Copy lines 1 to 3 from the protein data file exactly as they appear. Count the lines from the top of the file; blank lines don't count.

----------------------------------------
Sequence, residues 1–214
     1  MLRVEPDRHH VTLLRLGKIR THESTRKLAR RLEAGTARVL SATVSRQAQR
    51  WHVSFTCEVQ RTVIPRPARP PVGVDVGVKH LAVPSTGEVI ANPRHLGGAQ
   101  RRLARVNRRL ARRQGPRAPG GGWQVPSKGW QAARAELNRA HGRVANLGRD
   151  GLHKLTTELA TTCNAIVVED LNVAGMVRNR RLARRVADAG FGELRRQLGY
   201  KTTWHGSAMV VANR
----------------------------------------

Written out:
Sequence, residues 1–214
     1  MLRVEPDRHH VTLLRLGKIR THESTRKLAR RLEAGTARVL SATVSRQAQR
    51  WHVSFTCEVQ RTVIPRPARP PVGVDVGVKH LAVPSTGEVI ANPRHLGGAQ